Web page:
The Big Differences in Providing Tax Returns and Not

Ever since the housing crisis in 2009, getting approved for a loan while being self-employed was instantly more difficult than for a W2 Salaried borrower. Fortunately, lending and credit standards have loosened but far from the pre-2008 days of when your pet could be approved for a no doc mortgage.

In 2018, more and more self-employed borrowers who receive a 1099 or own their own business have better options to obtain a home loan. Nowadays, there’s loans that do not require two years of tax returns with just 10-percent down if your credit report is acceptable. However, the differences in the rate and fees is significant and a reason you may want to do all you can to give the lender your most recent two year of tax returns.

Example of a Recent Borrower:
He needed to refinance his home to remove an ex-spouse from a recent divorce and take out some cash for miscellaneous expenses.
Loan amount: $300,000
Estimate home value: $610,000
Property taxes & insurance: $390/month
Credit scores: over 780
Occupation: business owner
Gross Income: $110,000
His dilemma was he deducts a lot of valid expenses from his business reducing his adjusted gross income (AGI) to around $55,000.

Fortunately, he had no other monthly debts such as a car payment, credit card or student loan debts.

He was adamant on using the bank statement mortgage since it did not require any tax returns. This would show his true gross income.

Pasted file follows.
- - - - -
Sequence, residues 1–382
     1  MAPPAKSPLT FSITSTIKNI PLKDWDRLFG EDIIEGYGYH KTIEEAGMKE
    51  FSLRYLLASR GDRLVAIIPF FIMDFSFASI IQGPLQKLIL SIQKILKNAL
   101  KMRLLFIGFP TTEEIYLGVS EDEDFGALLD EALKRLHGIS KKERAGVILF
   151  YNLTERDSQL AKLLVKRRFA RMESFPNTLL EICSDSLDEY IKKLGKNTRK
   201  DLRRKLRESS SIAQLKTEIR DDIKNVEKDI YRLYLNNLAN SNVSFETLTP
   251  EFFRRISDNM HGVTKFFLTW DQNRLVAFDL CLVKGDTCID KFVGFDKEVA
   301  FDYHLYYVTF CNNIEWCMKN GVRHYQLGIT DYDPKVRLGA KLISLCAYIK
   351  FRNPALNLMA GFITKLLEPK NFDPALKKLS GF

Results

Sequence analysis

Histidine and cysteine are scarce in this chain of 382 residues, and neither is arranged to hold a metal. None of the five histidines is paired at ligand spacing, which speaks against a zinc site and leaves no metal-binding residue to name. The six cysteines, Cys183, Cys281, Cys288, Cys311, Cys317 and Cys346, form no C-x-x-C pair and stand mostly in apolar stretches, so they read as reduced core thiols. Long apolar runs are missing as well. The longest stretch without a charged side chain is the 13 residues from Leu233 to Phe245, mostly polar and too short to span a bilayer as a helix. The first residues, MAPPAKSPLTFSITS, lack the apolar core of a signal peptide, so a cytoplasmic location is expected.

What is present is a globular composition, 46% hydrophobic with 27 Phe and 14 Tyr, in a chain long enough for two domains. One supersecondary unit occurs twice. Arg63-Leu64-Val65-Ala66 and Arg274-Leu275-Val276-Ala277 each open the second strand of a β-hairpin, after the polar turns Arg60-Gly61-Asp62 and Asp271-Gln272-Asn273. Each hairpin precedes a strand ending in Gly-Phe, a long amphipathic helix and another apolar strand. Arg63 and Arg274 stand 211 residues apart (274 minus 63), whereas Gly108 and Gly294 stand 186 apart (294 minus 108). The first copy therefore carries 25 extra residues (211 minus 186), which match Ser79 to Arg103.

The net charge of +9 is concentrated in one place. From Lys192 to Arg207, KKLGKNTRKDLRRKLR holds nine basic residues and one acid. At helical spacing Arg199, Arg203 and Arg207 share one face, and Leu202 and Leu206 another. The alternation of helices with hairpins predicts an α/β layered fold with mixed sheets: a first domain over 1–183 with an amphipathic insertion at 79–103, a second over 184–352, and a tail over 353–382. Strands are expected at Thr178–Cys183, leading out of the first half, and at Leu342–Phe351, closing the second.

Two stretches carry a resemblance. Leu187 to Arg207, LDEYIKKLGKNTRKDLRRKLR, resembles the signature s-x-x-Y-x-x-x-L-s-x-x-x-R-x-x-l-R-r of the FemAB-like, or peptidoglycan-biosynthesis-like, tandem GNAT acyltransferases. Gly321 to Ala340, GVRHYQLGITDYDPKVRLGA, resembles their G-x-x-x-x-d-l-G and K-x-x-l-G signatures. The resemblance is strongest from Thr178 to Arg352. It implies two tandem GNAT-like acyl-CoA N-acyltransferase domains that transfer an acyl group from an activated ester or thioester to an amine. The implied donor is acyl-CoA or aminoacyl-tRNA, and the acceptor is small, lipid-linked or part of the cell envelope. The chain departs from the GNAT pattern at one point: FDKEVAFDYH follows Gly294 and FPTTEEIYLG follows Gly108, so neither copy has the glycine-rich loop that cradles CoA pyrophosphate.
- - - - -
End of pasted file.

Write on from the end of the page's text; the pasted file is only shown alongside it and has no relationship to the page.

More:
Interest Rate Differences
The rate he would get at the time is 5.25% on a 30-year fixed. That’s not bad at all but when you consider he is being forced to refinance from his current 3.875% fixed mortgage just to remove an ex-spouse, it doesn’t sound so great.

If he could provide his IRS 1040s and all schedules he would qualify for a 30-year fixed rate at 4.50% which is a very good improvement.

$1,656.61 – 5.25%  (30 year fixed with 12 months of personal bank statements)

$1,520.06 – 4.50%  (30 year fixed with 2 years of tax returns)

The difference over seven years which is when most people sell their home or refinance is $11,424. If he were to keep the mortgage for the full 30 years, he would pay an additional $48,960.

If his credit scores were below 720, the rate & payment difference would be even more dramatic.

Closing Costs Differences
The differences became larger when you factor in the fees associated with a bank statement loan vs. a conventional 30-year fixed.
The fees for the traditional loan had no points. The closing costs total came out to $1,841, with $1,051 being applied to prepaid interest, taxes and insurance. In addition, the net cash back to him was approximately, $26,000.

The fees for the bank statement loan were $8,834 (almost 5 times the traditional loan), with $4,135 applied to prepaid interest taxes and insurance.

Because he had very little monthly debts, his tax deductions actually did not affect him in qualifying for a traditional mortgage using two-years of tax returns. He only needed to make $4,244 month to qualify.

$1,520  – Principal & interest payment on new 30 year fixed at 4.50%
+
$390  – (Property taxes and insurance)

TOTAL: $1,910 ( P.I.T.I)

$1,910 / .45 = $4,244

loan comparison

Therefore, if his previous two years of tax returns showed an adjusted gross income (AGI) of $50,920 he can accomplish what he set out to do. He’ll get a lower rate and much lower fees than anticipated.

While it’s true the bank statement mortgage can help lots of borrowers it may not always be the best option.  Let your loan officer know what your AGI is to make sure you are getting the best available loan choice.